Agatha Christie writes in the Author’s note, “It (the book) was well received and reviewed, but the person who was really pleased with it was myself, for I knew better than any critic how difficult it had been.”

Fun fact: The book will remind Indian readers of the old Hindi movie ‘Gumnaam’ released in 1965 starring Manoj Kumar, Nanda, Mehmood, and Helen.

The Murder of Roger Ackroyd published in 1926

When you reach the last chapter of this book, you would surely want to go back and re-read the clues, courtesy our ‘unreliable narrator’. The Murder of Roger Ackroyd was Christie’s third book featuring Hercule Poirot and she already had him retired to a far-flung village to grow vegetable marrows.

King’s Abbot is a non-descript sleepy village where people have nothing better to while away their time with except gossiping. Enter the scenario of a wealthy Mrs. Ferrars who commits suicide and thereafter, her rich admirer Mr. Roger Ackroyd is murdered. The speculations and conjectures point to Ralph Paton, Mr. Roger’s stepson. Flora, Mr.Ackroyd’s niece is engaged to Ralph who seems restless with the police investigation and seeks Poirot’s help for the case.

Mr. Roger Ackroyd was murdered in his study at a time when the members of his family, secretary and house help were inside the house. Poirot examines the case with his cool temper and composure. And, Dr. Sheppard who was invited for dinner on the night of Mr.Ackroyd’s murder, becomes ‘Watson to his Sherlock’. It is interesting how every time Poirot speaks, there is something added to the clues that turns the investigation to a newer angle.

Every new development that arises is like the shake you give to a kaleidoscope – the thing changes entirely in aspect.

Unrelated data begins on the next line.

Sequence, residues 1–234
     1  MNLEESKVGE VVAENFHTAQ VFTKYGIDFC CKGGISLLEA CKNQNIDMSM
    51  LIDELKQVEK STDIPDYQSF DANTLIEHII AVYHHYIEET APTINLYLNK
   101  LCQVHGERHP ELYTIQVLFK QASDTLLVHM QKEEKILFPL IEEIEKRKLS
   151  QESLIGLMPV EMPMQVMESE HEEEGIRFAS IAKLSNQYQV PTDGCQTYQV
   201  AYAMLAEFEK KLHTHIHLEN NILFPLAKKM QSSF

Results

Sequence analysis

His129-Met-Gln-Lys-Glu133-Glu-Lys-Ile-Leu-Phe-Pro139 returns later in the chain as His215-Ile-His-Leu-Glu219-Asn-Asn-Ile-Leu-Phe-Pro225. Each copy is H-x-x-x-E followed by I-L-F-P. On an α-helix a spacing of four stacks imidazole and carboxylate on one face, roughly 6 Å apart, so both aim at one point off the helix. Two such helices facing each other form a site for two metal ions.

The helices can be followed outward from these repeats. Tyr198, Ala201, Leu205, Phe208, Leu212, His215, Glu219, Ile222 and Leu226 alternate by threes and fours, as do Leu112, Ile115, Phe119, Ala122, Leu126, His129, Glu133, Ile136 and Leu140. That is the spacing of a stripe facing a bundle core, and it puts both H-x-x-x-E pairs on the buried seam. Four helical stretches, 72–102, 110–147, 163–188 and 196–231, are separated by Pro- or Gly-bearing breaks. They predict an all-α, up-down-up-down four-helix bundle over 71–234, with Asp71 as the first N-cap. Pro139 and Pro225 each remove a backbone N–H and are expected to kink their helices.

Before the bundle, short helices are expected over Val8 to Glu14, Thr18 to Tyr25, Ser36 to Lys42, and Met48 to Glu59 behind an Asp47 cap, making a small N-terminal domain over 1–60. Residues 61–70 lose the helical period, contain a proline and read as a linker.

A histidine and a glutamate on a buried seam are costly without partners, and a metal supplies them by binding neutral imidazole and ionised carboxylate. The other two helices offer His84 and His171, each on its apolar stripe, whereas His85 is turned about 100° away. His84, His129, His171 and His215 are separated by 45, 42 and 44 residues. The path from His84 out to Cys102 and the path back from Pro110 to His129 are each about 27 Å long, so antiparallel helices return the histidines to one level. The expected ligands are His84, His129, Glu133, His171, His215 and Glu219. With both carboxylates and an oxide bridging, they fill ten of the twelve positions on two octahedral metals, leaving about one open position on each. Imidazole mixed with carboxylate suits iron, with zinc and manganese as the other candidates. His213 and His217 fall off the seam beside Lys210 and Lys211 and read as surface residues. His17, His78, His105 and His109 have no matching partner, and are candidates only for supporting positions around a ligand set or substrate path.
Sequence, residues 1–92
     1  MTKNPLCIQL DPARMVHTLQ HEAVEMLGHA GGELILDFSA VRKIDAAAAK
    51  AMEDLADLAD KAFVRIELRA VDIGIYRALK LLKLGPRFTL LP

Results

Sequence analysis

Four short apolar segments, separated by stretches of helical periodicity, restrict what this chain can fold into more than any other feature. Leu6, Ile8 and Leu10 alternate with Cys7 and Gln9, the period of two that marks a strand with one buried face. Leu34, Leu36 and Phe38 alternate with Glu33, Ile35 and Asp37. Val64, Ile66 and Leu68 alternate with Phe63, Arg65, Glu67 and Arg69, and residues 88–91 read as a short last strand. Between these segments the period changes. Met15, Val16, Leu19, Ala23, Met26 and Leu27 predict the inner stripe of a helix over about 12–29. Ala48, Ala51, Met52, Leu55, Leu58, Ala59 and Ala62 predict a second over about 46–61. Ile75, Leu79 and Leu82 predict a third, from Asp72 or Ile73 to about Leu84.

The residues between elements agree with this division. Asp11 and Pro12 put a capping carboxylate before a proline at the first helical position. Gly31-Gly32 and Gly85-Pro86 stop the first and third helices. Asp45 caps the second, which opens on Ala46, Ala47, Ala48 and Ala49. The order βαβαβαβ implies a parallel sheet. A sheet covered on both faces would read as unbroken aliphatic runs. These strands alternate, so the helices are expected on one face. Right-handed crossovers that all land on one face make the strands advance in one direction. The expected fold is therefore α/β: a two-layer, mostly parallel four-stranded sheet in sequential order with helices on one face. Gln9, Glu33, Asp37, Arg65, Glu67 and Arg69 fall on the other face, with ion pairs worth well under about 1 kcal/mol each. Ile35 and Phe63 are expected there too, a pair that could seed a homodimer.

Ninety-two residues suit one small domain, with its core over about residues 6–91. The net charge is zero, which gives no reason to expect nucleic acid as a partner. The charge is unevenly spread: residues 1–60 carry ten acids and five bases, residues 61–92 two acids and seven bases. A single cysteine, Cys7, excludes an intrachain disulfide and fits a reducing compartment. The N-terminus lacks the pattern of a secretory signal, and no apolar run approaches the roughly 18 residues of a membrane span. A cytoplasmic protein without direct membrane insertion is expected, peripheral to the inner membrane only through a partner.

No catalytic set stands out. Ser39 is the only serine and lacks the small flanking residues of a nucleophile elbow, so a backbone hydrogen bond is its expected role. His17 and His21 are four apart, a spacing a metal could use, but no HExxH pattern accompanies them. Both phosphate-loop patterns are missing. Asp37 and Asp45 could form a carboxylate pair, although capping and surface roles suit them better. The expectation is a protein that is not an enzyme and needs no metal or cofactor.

Again, the classic evidences of a murder weapon, the footprints, and alibi confirmations fit like cogs in the investigation. Poirot interviews the suspects with his not-so-important questions to disclose the truth.

You also see shades of Miss Marple in Caroline Sheppard, Dr. Sheppard’s elder sister, a very nosy woman who somewhat turns into an amateur assistant to Poirot.

The twist in the climax of each of these three books will jolt you for sure. As a reader, you would feel like diving deep into the ocean floor and uncorking the bottle with the little note to unravel the mysteries.

Do let me know about your favourite Agatha Christie book? And, maybe drop a recommendation and I would love to read that one pretty soon!

I am taking my blog to the next level with Blogchatter’s #MyFriendAlexa.


108 thoughts on “Three of My Favourite Agatha Christie Books

  1. These books are indeed some of the best from Agatha Christie. I have read them so many times, yet they hold the same suspense and keep you on the edge of the seat. I also love ‘The Body in the Library’ and ‘The ABC Murders”.

    Liked by 1 person

    • Yes, even I am not fond of reading murder mysteries. Agatha Christie is probably the only exception! Hope your friends would like the recommendations. Thank you so much for stopping by!


  2. I wanted to read so many of your posts but the Dame won over the rest! These are my favourite Christies too. They were the most ingenious and actually started new tropes, never before written. Gumnaam is based on And Then There Were None, though of course it’s an entirely Bollywood-ised version!

    Liked by 1 person

    • So happy to know that many of my posts could get your attention. And, of course, Christie had to win over hands down! Also, agreed…Gumnaam is as Bollywood-ised as it could get!
      Thank you so much for stopping by.

      Liked by 1 person

  3. My favourite is Murder on the Orient Express. Next is The Mysterious Affair at Styles and And Then There Were None. The ends are really unexpected and shocking. Haven’t read the Murder of Roger Ackroyd but will do now

    Liked by 1 person

  4. Agatha Christie is my favourite author ever and I’ve read all of Miss Marple and quite a few of Hercule Poirot mysteries. 2/3 of your recommendations are spot on, wouldn’t agree with Murder on The Orient Express though. Thanks for writing, I’d come back to read when you write about other Miss Marple books.